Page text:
What is an infraorbital nerve block?

Infraorbital nerve block deadens facial sensation, and may be performed from inside or outside the mouth.
Infraorbital nerve block deadens facial sensation, and may be performed from inside or outside the mouth.

Infraorbital nerve block is a type of anesthesia used for numbing parts of the face. There is an infraorbital nerve on each side of the face, which is responsible for sensation to the skin on the side of the face, of the lower eyelid, the side of the nose, and the upper lip.

This type of anesthetic nerve block is mainly used for wound repair of the face, nose, and lip.

Where is the infraorbital nerve located?

The sensory area of the infraorbital nerve is located on the face, under the eye, on the side of the nose, and down the nasolabial fold to the upper lip. The infraorbital nerve is a branch of the 5th cranial nerve (called the trigeminal nerve), which provides sensory input to the face. 

The trigeminal nerve divides into the maxillary nerve, and exits the skull and enters the face through the infraorbital canal (infraorbital foramen), becoming the infraorbital nerve. 

What is an infraorbital nerve block used for?

Infraorbital nerve block is used for:

  • Laceration and wound repair
  • Pain relief
  • Anesthesia to clean out chronic wounds or ulcers (debridement)
  • Patients who need facial surgery but cannot receive general anesthetic
  • May be used in some plastic surgery procedures on the face

How do doctors perform an infraorbital nerve block?

There are two approaches to performing infraorbital nerve block, through the mouth (intraoral) and outside the mouth (extraoral). 

For an infraorbital nerve block performed through the mouth (intraoral):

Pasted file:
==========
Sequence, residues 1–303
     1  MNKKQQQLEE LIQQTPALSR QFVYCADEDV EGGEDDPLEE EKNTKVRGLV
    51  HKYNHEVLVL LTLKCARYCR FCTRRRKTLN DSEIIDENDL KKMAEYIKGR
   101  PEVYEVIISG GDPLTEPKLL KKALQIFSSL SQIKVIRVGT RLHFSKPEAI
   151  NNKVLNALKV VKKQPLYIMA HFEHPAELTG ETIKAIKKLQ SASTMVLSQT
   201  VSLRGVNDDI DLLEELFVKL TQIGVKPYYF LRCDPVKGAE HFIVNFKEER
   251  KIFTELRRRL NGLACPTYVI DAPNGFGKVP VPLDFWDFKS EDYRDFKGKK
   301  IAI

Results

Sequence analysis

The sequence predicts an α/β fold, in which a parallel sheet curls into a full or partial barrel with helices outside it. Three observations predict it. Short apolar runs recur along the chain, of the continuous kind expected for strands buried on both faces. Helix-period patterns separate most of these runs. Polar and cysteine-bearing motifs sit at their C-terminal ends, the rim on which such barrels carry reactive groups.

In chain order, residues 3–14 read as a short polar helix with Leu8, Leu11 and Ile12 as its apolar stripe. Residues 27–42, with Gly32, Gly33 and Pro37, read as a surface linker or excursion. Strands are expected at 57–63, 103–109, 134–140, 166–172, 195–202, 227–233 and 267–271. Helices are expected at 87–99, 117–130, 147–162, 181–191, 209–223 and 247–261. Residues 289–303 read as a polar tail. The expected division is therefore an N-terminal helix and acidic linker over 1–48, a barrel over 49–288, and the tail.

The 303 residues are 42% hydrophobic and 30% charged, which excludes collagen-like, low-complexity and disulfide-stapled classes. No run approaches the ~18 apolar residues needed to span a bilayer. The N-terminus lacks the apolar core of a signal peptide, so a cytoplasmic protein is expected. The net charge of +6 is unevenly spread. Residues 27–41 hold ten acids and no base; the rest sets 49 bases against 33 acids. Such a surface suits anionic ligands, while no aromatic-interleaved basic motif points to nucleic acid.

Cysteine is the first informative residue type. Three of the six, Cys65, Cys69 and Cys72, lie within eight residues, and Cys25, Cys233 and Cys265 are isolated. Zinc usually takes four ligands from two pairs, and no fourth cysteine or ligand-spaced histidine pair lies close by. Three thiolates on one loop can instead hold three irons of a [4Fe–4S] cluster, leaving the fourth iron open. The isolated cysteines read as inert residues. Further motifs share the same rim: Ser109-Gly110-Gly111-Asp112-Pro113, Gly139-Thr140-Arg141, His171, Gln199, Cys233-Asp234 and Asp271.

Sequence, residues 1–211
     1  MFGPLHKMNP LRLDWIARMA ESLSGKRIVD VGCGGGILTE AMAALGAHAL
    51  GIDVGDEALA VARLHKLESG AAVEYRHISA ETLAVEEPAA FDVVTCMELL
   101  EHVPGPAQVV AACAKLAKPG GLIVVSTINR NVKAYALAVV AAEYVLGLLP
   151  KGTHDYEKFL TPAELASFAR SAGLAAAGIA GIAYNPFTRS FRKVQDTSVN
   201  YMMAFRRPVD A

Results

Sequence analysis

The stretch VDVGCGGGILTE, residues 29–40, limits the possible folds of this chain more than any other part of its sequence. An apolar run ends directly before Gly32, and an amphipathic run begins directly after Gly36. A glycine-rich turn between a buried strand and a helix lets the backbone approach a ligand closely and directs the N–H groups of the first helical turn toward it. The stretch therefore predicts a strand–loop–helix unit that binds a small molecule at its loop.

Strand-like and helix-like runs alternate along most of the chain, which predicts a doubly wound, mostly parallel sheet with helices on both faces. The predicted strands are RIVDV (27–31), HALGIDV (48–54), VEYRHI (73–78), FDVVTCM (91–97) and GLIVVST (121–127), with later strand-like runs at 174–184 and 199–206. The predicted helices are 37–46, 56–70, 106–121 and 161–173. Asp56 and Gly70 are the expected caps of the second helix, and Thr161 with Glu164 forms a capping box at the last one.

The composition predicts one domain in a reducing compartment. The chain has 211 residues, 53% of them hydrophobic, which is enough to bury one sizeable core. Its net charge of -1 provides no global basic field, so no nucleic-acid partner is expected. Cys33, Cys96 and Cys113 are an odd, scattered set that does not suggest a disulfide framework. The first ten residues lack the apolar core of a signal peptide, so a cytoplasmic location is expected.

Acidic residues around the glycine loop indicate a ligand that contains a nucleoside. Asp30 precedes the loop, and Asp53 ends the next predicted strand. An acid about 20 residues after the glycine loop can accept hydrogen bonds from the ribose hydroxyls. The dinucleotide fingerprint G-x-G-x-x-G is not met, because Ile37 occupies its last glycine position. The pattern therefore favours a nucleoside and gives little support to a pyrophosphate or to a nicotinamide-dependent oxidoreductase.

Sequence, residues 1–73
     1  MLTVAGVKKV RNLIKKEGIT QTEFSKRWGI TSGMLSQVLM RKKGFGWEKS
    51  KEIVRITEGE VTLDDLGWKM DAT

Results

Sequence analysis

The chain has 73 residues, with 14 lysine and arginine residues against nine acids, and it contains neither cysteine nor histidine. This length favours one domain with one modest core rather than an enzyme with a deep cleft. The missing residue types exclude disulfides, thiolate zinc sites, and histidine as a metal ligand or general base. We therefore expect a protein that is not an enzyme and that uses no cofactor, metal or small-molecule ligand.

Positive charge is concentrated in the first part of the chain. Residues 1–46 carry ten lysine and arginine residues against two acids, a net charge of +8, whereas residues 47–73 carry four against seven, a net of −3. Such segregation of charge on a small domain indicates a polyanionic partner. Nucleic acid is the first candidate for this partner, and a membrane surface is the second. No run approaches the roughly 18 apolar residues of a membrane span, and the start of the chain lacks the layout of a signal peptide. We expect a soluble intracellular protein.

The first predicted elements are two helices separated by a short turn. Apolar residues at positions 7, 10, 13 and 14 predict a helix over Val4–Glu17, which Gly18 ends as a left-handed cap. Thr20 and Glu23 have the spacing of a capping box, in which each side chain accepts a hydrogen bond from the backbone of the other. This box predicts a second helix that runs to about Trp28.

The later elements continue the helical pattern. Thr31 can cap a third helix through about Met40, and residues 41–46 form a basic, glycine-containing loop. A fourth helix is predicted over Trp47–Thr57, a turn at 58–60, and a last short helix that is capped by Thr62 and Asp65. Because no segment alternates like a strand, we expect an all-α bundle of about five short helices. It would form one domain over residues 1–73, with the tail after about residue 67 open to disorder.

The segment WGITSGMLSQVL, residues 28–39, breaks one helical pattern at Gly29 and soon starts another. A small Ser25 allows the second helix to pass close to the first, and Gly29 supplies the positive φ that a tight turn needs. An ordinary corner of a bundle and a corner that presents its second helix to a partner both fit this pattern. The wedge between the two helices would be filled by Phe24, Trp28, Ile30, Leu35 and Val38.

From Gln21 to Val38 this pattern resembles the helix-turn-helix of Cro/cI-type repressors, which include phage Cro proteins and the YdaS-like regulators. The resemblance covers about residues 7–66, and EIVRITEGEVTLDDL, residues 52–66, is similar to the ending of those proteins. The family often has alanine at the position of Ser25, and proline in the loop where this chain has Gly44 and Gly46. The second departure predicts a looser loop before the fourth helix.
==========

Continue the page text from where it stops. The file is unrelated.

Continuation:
• Topical anesthetic is applied to the inner part of the upper lip and gums 
  • The doctor feels for the infraorbital canal (foramen) in the middle of the cheek
  • An anesthetic is injected into the area around the infraorbital canal using a small needle from inside the upper lip
  • After a few minutes, the area of the infraorbital nerve becomes numb and the procedure can be performed

For an infraorbital nerve block performed from outside the mouth (extraoral):

  • The skin over the cheek is cleansed with antiseptic
  • The doctor feels for the infraorbital canal (foramen) in the middle of the cheek
  • An anesthetic is injected through the skin of the cheek into the area around the infraorbital canal using a small needle 
  • The doctor firmly massages the area for 10-15 seconds
  • After a few minutes, the area of the infraorbital nerve becomes numb and the procedure can be performed

For either the intraoral or extraoral approach, the local anesthetic’s (usually lidocaine) effect lasts between 30 minutes and two hours. 

What are risks and complications of an infraorbital nerve block?

Complications that may result from an infraorbital nerve block can include the following:

  • Bleeding
  • Bruising
  • Allergic reaction to anesthetic
  • Systemic reaction to too much anesthetic 
  • Infection
  • Unintentional injection into artery or vein
  • Insufficient anesthetic use
  • Nerve damage
  • Eyelid swelling

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Medically Reviewed on 4/21/2020
References
Medscape Medical Reference
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